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Lostwithiel Riverside
Lostwithiel Riverside

Lostwithiel is situated in a beautiful wooded valley at the tidal reach of the River Fowey. Located in central Cornwall, it is within easy reach of both coasts and the moors and is well placed for exploring the county. The name comes from two Cornish words meaning the place at the end of the woodland.

The town was founded by the Normans for the export of tin about 800 years ago. At that time, the river was wide and deep and ships tied up along the quay to load tin destined for many European ports. The town became the second busiest port on the south coast of England.

By the 13th century Lostwithiel had become the county capital. It was the administration centre for county affairs and Cornwall's main stannary town. Ironically, tin, which was the original source of the wealth of the town, eventually caused its decline. Rubble, from the mines on the moors, silted up the river, restricting the size of vessels that could use the quay.

Lostwithiel Church Spire
Lostwithiel Church Spire

The church of St Bartholomew is fairly distinctive owing to its 14th century spire featuring a Breton influence. The main church and tower are of 13th and early 14th cenury construction but the tower has been extended with an octagonal spire cleverly grafted on.
The rest of the church is not outstanding but the great east window is one of the finest in Cornwall

The town was badly damaged during the Civil War, when it was occupied by Parliamentary soldiers and besieged by Royalists in 1644. Much of it was rebuilt in the late 17th century. The mediaeval church, bridge and the Duchy Palace are remnants of the original splendour of the town.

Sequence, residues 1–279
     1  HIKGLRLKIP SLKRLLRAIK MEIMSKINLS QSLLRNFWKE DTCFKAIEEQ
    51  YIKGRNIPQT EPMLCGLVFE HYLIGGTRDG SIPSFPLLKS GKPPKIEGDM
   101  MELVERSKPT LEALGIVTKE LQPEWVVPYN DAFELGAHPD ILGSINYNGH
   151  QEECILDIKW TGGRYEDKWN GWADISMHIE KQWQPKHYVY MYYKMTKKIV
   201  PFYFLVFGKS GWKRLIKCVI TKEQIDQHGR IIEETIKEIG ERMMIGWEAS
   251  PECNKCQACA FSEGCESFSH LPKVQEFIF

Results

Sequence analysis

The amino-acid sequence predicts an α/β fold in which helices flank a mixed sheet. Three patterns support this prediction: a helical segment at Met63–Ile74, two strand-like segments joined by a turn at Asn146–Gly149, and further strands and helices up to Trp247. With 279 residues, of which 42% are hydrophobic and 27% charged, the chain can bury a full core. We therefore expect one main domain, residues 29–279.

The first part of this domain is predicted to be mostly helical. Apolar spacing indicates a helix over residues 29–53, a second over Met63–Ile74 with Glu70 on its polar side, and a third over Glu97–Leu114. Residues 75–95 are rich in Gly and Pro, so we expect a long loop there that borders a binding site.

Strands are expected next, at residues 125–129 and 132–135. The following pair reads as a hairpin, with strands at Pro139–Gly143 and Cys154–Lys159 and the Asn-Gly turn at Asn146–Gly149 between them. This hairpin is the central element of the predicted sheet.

Today there are numerous antique shops selling furniture, collectibles, ceramics and such things. Other shops, hidden in the old streets, specialise in arts and crafts, paintings, lace and patchwork. The museum is in the former Corn Exchange and has an interesting collection reflecting life in Lostwithiel over the past centuries. The local library is in a restored mediaeval house. It has an excellent selection of books on Cornwall and there are often exhibitions in the upstairs gallery.

The approach to the old town of Lostwithiel, by river, rail or road is through some of the loveliest scenery. There is plenty of accommodation in and around the town, including everything from hotels to self-catering accommodation. The town also has many restaurants, cafés and pubs.

Restormel Castle
Restormel Castle

Restormel Castle, the home of the Norman lords who built the town, belongs to the Duchy of Cornwall. It overlooks the river valley a mile upriver from Lostwithiel. It was rebuilt by Edmund, Earl of Cornwall in the late 13th century. The bailey has now disappeared, and there is no longer any trace of the large deer park. The Black Prince lived here briefly in 1354. The castle is open to the public and the views from the top of the castle wall are magnificent.

St Winnow is a tiny hamlet where there is an interesting Farm Museum. The old church has some outstanding stained glass windows and interesting bench ends. It was used in the filming of a wedding for Poldark. Another pretty village is Lerryn, on a tidal creek of the River Fowey. The bridge was rebuilt by order in 1573 and the water may be crossed by stepping stones at low tide. The river is also said to have been the inspiration for Kenneth Graham's The Wind in the Willows.

Charles I stayed at nearby Boconnoc during the Siege of Lostwithiel in August 1644. Boconnoc still has a deer park, and the gardens are occasionally open to the public. Another local village, Luxulyan, is known for its granite viaduct, supported by ten arches and originally carrying a stream, path and light railway for 700 feet at a height of nearly 100 feet.

The tower of St Brevita’s Church in Lanlivery has been a landmark for sailors for centuries. Lanlivery is on The Saints’ Way, a route across Cornwall linking Padstow and Fowey. It was used in the Dark Ages by Celtic holy men travelling between Ireland, Wales and France and is marked by a series of crosses, churches, chapels and holy wells dedicated to those early saints. The route was probably in use by merchants long before that. There are also pagan shrines, menhirs and tumuli along the route, dating from at least three thousand years ago.